The government had to take action against the illegal pirating activities and formed an Oyster Navy to police the rivers and bays. It even commissioned an old tugboat which successfully chased pirates out of the protected waters. Eventually, the Navy had to disband when an officer killed a waterman who was illegally harvesting oysters. Oddly enough, this seemed to quell both sides, and the Oyster Wars ended.

Later, in the 20th century, oysters settled into their status as a display of opulence and decadence due of the higher prices after to the decimation of the wild population post-Civil War. Champagne became a more popular pairing with oysters than beer. Many Jacksonians remember the swanky Oyster Bar at the King Edward Hotel during the '50s.

Due to Jackson's close proximity to New Orleans and the Gulf Coast (and, I believe, also due to its incredible Greek heritage), seafood has always been very dear to our hearts, oysters in particular. I reminisced with local Jackson restaurateurs Jeff Good and Malcolm White about oyster bars in Jackson, and they helped me understand a part of Jackson's past in celebrating the mollusks. Jeff's first restaurant job was at LeFleur's, which had an oyster bar. The Mayflower Cafe used to have oysters on ice in the decorated tile tubs right in the front windows. Al's Half Shell downtown was a favorite spot among Jacksonians.

In 1982, Malcolm White designed the oyster bar at Oliver's, which later found its way into the Hal & Mal's Oyster Bar, along with their expert oyster shucker, "Little Baby." Malcolm remembers buying a truck to pick up fresh seafood—fish, crabmeat, shrimp and oysters—from vendors in New Orleans once or twice a week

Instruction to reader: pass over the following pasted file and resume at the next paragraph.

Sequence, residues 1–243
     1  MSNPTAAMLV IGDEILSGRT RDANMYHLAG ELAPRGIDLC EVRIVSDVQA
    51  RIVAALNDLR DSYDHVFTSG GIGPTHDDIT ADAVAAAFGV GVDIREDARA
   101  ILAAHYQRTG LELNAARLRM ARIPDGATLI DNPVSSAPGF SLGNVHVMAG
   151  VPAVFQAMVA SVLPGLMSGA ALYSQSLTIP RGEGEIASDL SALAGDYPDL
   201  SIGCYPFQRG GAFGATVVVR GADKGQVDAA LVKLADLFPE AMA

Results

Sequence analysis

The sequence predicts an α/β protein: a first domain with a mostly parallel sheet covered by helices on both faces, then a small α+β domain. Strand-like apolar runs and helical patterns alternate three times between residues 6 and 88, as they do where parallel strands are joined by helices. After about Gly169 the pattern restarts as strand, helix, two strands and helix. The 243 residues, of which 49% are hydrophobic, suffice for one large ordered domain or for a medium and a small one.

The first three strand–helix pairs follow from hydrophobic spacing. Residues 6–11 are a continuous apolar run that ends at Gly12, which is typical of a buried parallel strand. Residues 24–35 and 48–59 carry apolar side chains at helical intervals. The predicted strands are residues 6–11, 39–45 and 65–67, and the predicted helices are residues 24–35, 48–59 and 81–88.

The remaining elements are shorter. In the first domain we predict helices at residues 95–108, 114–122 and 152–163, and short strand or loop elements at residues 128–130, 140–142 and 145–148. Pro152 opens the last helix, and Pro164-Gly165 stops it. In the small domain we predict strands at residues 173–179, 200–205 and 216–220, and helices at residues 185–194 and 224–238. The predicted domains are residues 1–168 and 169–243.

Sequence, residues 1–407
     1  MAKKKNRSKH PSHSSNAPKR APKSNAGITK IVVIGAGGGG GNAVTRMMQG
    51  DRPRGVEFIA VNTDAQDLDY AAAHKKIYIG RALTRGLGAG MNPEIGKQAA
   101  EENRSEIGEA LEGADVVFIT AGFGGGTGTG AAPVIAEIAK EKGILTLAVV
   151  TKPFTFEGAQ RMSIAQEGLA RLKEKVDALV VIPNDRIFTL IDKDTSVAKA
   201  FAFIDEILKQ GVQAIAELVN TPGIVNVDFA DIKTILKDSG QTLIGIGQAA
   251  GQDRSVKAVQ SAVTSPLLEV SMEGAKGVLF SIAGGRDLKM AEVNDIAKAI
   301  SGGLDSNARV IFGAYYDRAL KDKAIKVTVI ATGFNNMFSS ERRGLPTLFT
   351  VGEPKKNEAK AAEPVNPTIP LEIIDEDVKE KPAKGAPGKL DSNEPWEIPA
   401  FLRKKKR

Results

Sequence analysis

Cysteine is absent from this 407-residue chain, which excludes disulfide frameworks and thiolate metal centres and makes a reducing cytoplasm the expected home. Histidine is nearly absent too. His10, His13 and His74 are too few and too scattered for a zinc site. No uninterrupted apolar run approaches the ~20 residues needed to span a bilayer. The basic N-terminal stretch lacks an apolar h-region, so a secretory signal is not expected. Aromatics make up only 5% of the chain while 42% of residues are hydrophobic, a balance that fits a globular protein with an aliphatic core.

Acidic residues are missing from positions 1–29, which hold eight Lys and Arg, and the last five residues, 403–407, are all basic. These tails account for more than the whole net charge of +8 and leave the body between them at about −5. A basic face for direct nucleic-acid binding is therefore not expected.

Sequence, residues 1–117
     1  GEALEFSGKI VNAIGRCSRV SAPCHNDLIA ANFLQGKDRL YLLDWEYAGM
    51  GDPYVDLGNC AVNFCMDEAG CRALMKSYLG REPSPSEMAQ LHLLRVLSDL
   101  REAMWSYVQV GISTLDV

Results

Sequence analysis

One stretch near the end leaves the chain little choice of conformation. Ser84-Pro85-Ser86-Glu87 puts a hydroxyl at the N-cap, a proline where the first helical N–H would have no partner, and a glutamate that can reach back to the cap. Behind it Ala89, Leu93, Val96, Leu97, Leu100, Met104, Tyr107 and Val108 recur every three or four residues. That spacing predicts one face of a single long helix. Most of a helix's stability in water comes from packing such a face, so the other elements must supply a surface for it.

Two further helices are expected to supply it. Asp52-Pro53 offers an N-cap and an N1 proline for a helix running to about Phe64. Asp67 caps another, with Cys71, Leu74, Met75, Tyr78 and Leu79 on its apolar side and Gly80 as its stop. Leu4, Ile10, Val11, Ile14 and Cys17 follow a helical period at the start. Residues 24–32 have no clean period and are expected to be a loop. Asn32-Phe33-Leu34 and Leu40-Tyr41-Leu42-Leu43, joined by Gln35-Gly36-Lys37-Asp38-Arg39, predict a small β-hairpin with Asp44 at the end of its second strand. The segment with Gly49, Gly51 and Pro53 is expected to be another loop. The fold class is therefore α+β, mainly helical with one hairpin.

"You'd go out and drag an old croaker sack out of the back room and throw them in there, and there'd be about three clumps, and you'd have to take a hammer and knock 'em apart, and there'd be barnacles all over them," he recalls. These days, he says, "They're select. They're in a box. They're washed. They're clean. They're individuals. I mean it's totally different."

"Part of the atmosphere and the charm is a good shucker, who can not only open oysters but make conversation—and we always had someone with a personality," Malcolm says. "Dan Dan the Oyster Man, he's still around, the other guy we called Suede Wade. We always had a really cool nickname for the shucker."

Malcolm and his brother Hal often got in the back to help shuck oysters to keep up with the demand. "From the time dinner started, all night long we were just two people, steady shuckin' and we went through a lot of oysters back in the day," Malcolm says.

Sometime during the '90s, a big scare swept the nation, and many diners were afraid to eat raw shellfish, as health departments required restaurants to print consumer advisories warning against the dangers of consuming raw or undercooked seafood on their menus. I think this is one of the reasons why we don't see as many oyster bars in Jackson and other cities anymore. I've noticed in my time working in Jackson restaurants that a lot of people prefer them fried or broiled, but you can still find great raw oysters in town, which some people will still happily slurp down.

Oyster bars are beginning to make a comeback all over the country. Classic oyster bars are more popular than ever, and people are opening new modern and innovative ones all the time. I've been trying to visit as many as I can to research trends, food, atmosphere and more in order to provide the best experience possible when we open Saltine Oysters and Brew in Fondren late this summer. We really want to pay homage and respect to the history of our briny, shelled friend, and it has really been a treat to get to know oysters in an entirely new way.